Mentoring and advising in college

July 16, 2014

By hammersmith

Earlier this month on ASBMB Today, Dr. Bill Sullivan, from the Indiana University School of Medicine, presented a theoretical open letter to his parents. He writes, “If I were an undergraduate today writing a letter informing my parents that I want to become a professor and conduct research, I imagine it would go something like this.”

In the paragraphs that follow, Sullivan goes into depth concerning the magnitude of work, the meager pay, and the huge sacrifices that come with embarking on an academic research career in the biomedical sciences—all with the potential to bear little to no fruit. However, the opportunity for discovery drives his passion for moving forward towards his goal. He informs his parents:

I’m probably going to be behind on the usual timeline for things like financial independence and starting a family. I’m looking at roughly five more years of school to get the Ph.D. — the amount of time depends on whether my experiments are successful, which is impossible to predict. But it’s those unexpected results that usually lead to something amazing, and I want to be on the front lines of those breakthroughs!

That enthusiasm is familiar to us here in the Flinn Scholars Program. Despite the drawbacks Sullivan describes, a large number of current Flinn Scholars are in STEM-related fields—in 2013, more than 65 percent of Flinn Scholars had such majors.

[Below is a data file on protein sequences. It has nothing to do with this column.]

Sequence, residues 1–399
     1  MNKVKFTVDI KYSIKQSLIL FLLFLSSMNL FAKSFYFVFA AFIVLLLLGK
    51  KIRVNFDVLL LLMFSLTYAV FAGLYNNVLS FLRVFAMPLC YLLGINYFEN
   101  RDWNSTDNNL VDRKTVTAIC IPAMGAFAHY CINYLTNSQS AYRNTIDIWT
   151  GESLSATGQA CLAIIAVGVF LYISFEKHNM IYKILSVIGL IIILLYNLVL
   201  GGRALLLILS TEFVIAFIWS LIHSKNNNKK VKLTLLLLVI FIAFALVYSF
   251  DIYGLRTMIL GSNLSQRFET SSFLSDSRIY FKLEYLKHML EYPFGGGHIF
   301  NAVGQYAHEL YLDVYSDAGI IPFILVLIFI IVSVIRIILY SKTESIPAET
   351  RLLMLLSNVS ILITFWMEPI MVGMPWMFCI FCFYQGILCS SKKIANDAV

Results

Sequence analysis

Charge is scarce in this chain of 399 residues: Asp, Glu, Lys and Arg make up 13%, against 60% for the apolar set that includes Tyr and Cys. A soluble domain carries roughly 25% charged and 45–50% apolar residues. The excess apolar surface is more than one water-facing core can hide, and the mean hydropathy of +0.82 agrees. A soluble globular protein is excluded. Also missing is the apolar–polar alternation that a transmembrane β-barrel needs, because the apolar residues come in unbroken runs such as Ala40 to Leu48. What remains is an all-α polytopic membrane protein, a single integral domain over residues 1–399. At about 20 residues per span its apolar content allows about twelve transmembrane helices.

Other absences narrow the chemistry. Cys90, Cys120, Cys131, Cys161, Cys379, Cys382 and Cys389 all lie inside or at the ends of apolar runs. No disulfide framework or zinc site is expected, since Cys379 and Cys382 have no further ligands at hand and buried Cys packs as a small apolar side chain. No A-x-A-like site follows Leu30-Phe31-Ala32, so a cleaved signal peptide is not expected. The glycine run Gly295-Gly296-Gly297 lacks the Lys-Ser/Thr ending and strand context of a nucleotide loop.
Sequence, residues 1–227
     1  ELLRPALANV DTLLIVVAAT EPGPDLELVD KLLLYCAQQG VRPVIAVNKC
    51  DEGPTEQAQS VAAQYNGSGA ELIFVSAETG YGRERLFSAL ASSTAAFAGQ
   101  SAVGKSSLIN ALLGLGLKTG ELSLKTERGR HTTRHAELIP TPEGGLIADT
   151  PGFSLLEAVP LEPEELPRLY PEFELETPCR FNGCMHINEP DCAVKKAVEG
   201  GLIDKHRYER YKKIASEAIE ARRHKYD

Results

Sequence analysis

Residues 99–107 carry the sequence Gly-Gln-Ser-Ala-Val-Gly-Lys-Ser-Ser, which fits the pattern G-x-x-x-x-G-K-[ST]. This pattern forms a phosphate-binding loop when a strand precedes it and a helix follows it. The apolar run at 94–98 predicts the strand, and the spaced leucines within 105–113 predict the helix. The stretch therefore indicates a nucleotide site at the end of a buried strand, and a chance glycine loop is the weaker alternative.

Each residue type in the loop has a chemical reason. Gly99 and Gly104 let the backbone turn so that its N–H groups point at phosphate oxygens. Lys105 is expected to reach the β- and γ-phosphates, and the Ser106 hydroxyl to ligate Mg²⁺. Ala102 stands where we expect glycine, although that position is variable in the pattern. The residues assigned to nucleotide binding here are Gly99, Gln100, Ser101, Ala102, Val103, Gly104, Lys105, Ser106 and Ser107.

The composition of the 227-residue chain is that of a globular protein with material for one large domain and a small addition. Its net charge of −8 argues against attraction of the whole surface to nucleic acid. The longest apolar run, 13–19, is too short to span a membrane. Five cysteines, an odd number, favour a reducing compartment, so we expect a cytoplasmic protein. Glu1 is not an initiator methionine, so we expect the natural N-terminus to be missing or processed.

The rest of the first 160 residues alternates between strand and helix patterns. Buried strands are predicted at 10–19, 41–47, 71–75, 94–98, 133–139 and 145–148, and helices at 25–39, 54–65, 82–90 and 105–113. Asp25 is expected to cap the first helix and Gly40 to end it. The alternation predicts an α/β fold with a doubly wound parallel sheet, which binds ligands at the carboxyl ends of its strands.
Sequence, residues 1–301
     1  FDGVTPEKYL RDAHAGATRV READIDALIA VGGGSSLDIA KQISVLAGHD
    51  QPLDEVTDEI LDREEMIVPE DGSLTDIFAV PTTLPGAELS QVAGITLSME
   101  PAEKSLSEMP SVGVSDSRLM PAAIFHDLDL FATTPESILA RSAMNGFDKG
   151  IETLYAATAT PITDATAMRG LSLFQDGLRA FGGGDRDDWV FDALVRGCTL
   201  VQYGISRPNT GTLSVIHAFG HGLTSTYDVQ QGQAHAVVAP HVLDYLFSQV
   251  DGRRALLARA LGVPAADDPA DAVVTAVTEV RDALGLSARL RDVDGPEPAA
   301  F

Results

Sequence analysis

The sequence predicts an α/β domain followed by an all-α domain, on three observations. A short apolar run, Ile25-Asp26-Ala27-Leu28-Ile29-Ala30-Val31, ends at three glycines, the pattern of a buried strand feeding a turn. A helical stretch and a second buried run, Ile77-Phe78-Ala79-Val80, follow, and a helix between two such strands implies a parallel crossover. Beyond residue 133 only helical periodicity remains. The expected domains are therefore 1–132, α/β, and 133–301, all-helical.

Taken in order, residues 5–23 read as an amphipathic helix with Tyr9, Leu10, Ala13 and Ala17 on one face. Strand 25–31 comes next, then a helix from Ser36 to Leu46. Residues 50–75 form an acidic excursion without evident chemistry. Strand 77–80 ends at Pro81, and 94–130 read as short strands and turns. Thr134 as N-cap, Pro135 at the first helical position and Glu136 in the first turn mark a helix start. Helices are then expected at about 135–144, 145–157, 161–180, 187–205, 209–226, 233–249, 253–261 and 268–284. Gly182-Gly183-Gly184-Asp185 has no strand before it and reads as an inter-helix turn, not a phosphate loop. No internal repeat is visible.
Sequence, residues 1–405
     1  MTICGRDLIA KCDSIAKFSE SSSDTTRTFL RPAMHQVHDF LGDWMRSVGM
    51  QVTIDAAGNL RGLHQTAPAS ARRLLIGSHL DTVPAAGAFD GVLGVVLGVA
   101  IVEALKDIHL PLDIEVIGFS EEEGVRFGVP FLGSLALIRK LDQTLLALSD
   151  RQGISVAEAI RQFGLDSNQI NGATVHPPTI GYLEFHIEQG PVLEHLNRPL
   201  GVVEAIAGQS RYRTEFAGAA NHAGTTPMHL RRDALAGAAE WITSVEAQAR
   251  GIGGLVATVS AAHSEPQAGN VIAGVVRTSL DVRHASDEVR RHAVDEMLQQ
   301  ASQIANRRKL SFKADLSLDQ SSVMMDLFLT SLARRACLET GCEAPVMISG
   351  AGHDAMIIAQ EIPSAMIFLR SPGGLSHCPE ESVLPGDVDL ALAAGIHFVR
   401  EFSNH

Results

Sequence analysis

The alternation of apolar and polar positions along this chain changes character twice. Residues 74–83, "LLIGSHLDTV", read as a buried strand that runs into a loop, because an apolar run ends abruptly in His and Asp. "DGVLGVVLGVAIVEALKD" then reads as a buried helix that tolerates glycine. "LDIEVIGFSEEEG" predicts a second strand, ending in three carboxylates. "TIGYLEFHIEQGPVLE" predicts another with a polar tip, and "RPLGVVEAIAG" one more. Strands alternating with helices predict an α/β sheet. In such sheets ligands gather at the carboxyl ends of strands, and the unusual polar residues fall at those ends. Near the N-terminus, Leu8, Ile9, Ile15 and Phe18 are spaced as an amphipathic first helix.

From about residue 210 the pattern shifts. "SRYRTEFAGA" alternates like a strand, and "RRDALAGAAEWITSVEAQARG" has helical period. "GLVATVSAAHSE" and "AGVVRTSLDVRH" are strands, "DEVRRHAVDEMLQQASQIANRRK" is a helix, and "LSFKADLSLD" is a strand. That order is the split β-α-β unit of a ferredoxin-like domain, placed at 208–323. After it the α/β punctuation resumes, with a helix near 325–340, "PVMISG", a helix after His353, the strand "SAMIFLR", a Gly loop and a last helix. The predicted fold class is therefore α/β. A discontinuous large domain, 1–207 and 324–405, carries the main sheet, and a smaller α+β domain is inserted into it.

Recognizing the challenges that Scholars may face in any career discipline, the Flinn Scholarship provides access to faculty-mentoring for current Scholars. Each university assists incoming Scholars in finding mentors that fit their academic interests and endeavors, enabling Scholars to interact with exceptional and often highly sought-after faculty and professors.

Additionally, the Flinn Scholarship includes a network-building component for Scholars and alumni alike. How does this work? On request—and sometimes before a request—we connect current Scholars to alumni that have similar interests, thus encouraging these relationships to grow and prosper over time. Simultaneously, we share information about internship and work opportunities with Scholars and career-opportunity news with alumni. This means that ties to the Flinn community won’t end after a Scholar receives a bachelor’s degree.

For Sullivan, his post-undergraduate plans led him to pursue bio research, enter graduate school, become an assistant professor, loop through a couple of postdoctoral fellowships, and finally become a tenured professor, all while continuing his research.

The takeaway? We are here to help. Whether you as a Flinn Scholar decide to pursue a STEM major or a fine-arts degree, the Flinn Scholars Program prides itself in providing access to world-class leaders at each university and in the community, faculty advisors and mentors, and a helping hand once you embark on life after your undergraduate education—wherever your career track takes you.